A Lot or a Little?
What you will—and won't—find in this book.
Portrays life in a free Canadian settlement of escaped and freed enslaved people just before the beginning of the American Civil War. The author shows the degradation, fear, and suffering caused by slavery in the U.S., and ways of life, gender roles, and superstitions that existed in North America at that time. Afterword by the author explains that Buxton was a real place (now a historic site) and tells which details in the novel are true rather than fictional.
For those who have been enslaved, freedom is worth any sacrifice.
Positive Role Models
Elijah is brave, sensitive, compassionate. He doesn't always show perfect judgment, but he always tries to do the right thing.
Violence & Scariness
Two men are beaten to death, one with a whip. Enslaved people are shackled, branded, starved. A man is shot and badly injured, another is lynched. Adults slap and punch a child. A dog attacks and wounds a boy. It's implied that an enslaved woman will commit murder and kill herself.
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Sex, Romance & Nudity
A boy misunderstands the phrase "Familiarity breeds contempt" and then convinces his friend that their teacher is going to have a "family breeding contest." While chastising Elijah for almost using the "N" word," Mr. Leroy refers to a White man calling his wife that word when he would, "take her to another man for his own."
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Elijah says half of the "N" word when Mr. Leroy slaps him and reprimands him severely, showing him a brand on his chest and asking, among other things, "What you think they call me whilst they was doing this?" and "What name you think they call my wife when they take her to another man for his own?" Buxton is twice referred to as the "Negro Settlement."
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Drinking, Drugs & Smoking
Carnival workers smoke cigars. A man guarding several captives is drunk and has passed out.
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Parents Need to Know
Parents need to know that Christopher Paul Curtis' Elijah of Buxton is a Newbery Honor Book that also won the Coretta Scott King Award. Set in 1859, before the U.S. Civil War, it's the story of an 11-year-old boy who lives in a Canadian settlement of formerly enslaved people. Though residents of Buxton are free, they must remain vigilant about the threat of "slave catchers," and many Buxton residents who escaped slavery are trying to save enough money to pay for the release of loved ones still trapped in the American South. Narrated by Elijah, the book shows Buxton life through a child's eyes. There's some silly kid logic and antics, in addition to a boy's-eye view of the atrocities perpetrated on Black people in the mid-19th century. The violence is not especially graphic or bloody, but Elijah sees people who have suffered gunshot wounds, torture, and branding. He also fights off an attack dog and is treated roughly by some adults. Curtis also offers some hopeful inspiration and great information about the true events behind the novel.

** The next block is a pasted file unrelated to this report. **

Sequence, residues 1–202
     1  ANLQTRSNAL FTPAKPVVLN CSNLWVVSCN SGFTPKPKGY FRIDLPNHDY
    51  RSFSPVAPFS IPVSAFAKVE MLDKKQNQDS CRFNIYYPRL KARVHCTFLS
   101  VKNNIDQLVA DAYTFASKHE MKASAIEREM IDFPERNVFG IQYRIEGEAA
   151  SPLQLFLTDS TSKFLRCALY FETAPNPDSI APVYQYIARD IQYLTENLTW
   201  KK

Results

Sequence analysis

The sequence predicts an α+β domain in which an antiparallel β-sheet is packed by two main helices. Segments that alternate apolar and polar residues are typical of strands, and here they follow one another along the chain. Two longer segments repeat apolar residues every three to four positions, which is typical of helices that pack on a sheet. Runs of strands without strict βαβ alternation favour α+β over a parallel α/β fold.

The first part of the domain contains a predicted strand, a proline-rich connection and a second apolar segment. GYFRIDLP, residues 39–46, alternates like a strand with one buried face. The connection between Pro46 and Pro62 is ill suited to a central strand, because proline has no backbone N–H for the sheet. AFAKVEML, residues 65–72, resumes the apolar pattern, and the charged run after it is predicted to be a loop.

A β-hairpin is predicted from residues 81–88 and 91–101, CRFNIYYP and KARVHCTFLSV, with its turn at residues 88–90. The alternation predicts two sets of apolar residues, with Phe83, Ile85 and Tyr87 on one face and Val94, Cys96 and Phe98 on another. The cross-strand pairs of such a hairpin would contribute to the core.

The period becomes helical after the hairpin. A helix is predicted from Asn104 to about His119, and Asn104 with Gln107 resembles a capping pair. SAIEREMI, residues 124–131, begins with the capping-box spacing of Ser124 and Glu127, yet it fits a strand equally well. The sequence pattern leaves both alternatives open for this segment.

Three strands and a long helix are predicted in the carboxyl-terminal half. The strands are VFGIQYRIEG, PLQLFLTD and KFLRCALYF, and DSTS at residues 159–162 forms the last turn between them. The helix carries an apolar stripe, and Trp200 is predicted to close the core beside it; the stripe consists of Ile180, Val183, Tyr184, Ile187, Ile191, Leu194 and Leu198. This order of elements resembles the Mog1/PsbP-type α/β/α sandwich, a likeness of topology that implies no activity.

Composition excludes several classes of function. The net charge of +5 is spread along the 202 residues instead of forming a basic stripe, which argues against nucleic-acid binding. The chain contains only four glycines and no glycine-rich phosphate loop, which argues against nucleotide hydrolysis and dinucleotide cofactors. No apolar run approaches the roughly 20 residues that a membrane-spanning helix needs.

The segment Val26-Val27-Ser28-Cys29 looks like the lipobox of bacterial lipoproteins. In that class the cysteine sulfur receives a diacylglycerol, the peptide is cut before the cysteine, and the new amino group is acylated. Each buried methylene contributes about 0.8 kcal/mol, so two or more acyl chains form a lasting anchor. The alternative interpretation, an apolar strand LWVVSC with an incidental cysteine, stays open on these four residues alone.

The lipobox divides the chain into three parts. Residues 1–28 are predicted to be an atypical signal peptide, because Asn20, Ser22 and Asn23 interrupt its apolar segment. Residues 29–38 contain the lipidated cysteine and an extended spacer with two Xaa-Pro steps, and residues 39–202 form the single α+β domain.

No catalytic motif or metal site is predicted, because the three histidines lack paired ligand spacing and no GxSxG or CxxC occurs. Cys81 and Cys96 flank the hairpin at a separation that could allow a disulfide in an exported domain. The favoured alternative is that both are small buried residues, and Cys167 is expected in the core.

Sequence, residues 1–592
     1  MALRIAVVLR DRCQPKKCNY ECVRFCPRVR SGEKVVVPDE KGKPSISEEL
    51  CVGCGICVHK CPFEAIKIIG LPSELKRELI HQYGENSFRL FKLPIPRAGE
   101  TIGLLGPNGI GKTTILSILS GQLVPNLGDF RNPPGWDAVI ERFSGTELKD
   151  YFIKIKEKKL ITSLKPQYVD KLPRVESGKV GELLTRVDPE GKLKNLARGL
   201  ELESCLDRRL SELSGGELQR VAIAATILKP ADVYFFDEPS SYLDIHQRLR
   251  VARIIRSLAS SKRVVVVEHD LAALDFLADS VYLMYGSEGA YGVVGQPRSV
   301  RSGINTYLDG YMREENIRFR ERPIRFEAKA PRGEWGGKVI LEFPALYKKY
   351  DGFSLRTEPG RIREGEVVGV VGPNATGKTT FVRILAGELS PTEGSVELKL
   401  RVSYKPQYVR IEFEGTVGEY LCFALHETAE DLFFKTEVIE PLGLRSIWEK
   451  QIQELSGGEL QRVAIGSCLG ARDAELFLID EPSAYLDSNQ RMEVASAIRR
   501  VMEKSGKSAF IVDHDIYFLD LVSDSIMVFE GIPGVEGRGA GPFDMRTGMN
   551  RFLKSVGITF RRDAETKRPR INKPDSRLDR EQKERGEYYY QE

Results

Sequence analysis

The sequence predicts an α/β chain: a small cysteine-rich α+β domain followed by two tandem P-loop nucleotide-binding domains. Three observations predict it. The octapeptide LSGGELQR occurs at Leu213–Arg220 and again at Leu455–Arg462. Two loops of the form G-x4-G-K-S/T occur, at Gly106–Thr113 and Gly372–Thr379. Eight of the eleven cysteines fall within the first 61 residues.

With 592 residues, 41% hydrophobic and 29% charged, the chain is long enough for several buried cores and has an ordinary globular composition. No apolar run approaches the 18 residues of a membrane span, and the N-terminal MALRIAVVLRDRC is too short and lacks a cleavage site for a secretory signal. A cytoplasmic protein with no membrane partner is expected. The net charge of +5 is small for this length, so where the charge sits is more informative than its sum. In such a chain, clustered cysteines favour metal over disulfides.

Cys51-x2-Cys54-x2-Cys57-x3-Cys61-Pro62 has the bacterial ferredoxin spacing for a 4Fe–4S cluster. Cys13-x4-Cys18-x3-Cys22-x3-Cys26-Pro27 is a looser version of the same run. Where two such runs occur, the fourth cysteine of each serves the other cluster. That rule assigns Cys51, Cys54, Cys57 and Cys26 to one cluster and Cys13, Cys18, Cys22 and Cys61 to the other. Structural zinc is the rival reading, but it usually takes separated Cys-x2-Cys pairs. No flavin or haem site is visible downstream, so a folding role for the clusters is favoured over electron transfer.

Is It Any Good?
This exciting and moving historical novel is told in the voice of a winningly naive child brimming with compassion and curiosity. In his award-winning debut The Watsons Go to Birmingham--1963, author Christopher Paul Curtis established the style that also serves well in Elijah of Buxton: Both books start out with a charming and amusing tone (some of the humor a bit off-color, perhaps, but true to the narrator's age and personality) before giving way to a worrisome situation. The affection and familiarity the reader feels for the characters by the time things get heavy add to the impact of the events. As with The Watsons, Elijah's story is informed by history -- in this case, the horrific history of slavery and the inspiring free Black settlement that Buxton is patterned on.
Elijah of Buxton makes a wonderful teaching tool that can be great for classroom and home discussions, and can help children imagine life in 1859 by seeing the world of the novel through a child's eyes.
Did we miss something on diversity?
Research shows a connection between kids' healthy self-esteem and positive portrayals in media. That's why we've added a new "Diverse Representations" section to our reviews that will be rolling out on an ongoing basis. You can help us help kids by suggesting a diversity update.